Ethnography as an application of third space theory

After many competing companies had failed, IBM were tasked with creating an air traffic control system. As you can imagine in this setting a correct solution was crucial – lives were at risk if anything went wrong. The first thing IBM’s designers did was go to the air traffic control tower for a few weeks, and watch how they worked. But why? And how did this influence the design process? Today, we look at ethnographic research, and how it is based in the theory of the ‘third space’.


Ethnography is the idea of conducting research in the ‘real world’, through observation of the end-user in their natural setting. It has a historical basis in the field of anthropology, when explorers would go live with groups of people from unexplored cultures, to come to a greater understanding of their lifestyle. As a research tool for software design, it usually encompasses visiting a workplace for designers to come to a greater understanding of the context in which the program needs to work.


So where can I plug in my modem?

The advantages of ethnography will become visible through the discussion of the third space, below, however it’s important to note that ethnography isn’t a perfect design tool, and so the inherent disadvantages with using ethnography as an aspect of a design methodology have to be considered too.

Primarily there’s the practical issue of cost and distance. Often in a project, the designers are physically remote from the end-users, and so there is the expense of sending the designers out to the user’s location (although this can be mitigated by remote research techniques and software). There is also the additional cost of the time spent observing users – it’s time when the designer’s aren’t designing. There is a strong argument however that this time spent properly understanding the design problem prevents unnecessary re-work later, which would be at much greater expense!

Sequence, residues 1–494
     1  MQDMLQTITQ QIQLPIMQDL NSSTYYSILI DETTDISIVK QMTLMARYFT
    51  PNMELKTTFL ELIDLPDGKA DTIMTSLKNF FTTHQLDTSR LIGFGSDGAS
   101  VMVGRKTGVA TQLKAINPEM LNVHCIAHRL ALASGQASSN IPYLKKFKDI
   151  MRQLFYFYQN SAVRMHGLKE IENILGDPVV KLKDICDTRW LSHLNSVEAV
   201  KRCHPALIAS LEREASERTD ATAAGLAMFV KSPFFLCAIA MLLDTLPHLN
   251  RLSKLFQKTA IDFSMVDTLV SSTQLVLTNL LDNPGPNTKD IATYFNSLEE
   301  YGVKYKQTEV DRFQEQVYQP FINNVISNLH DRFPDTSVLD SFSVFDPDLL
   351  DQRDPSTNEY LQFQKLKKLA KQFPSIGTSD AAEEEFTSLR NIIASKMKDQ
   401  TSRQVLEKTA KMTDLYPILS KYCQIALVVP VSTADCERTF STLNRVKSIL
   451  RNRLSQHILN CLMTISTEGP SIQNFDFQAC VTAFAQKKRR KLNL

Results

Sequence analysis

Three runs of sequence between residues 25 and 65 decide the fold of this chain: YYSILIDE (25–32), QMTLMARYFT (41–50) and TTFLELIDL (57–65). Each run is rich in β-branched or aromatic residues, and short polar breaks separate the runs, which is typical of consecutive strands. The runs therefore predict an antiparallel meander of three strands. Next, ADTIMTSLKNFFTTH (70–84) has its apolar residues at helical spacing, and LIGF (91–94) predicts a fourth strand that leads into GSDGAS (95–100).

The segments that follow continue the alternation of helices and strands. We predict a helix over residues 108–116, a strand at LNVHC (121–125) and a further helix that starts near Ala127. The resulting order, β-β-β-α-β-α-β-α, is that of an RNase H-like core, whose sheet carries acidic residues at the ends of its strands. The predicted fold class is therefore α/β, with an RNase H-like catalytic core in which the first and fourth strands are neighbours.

Secondly there are lesser issues when bringing ‘outside’ designers into a workplace, including issues of security and data-handling, as well as the disruption that outside observers may bring to a typical work day. It’s also important to keep in mind that the act of observation will alter the thing being observed, and so the end-user’s may not represent their typical workflow accurately, intentionally or not.  I know I’d work harder if someone was looking over my shoulder and making notes!

Ethnography and the 3rd space.

Ethnography can be seen as the direct application of Muller’s idea of a ‘third space’ in design. Muller describes the third space as a design space that takes place neither in the worker’s domain, (i.e. the air traffic controllers in our example), or the designer’s own domain (the dark cupboard in which the programmer lives).

The idea of moving the designers into the worker’s space is that it’ll create a ‘third space’ – a region bridging these two experience sets. According to Muller this allows all the participants, including the end-users and the developers, to combine their knowledge and approach the design problem with a fresh perspective, rather than relying on ‘traditional’ solutions from their own space.

Will Code for Food

Such as grass roots marketing campaigns

As an aspect of participatory design, this is therefore important for giving all stakeholders – including the end-users – an equal opportunity to influence the design of a product or service, and not be considered subsidiary to the designer’s ideas or traditions. Bringing designers into the end-user’s space gives the opportunity for the designer’s long-held assumptions to be challenged by first-hand experience, and for the problem to be negotiated, and designed co-operatively, encompassing a range of voices.

Therefore we can see that ethnography is a way in which this ‘third space’ can be accessed and achieved in the design process. This means that the designers and end-users can benefit from mutual learning, and improve the final product. Similarly, giving designers a true understanding of the context in which their solution needs to operate  prevents ‘obvious’ errors from being made – for example creating a system that relies on audio alerts in a noisy workplace.  Ethnography, and incorporating the idea of a ‘third space’ into the design process makes better software. And isn’t that what it’s all about?

150 150 Steve Bromley

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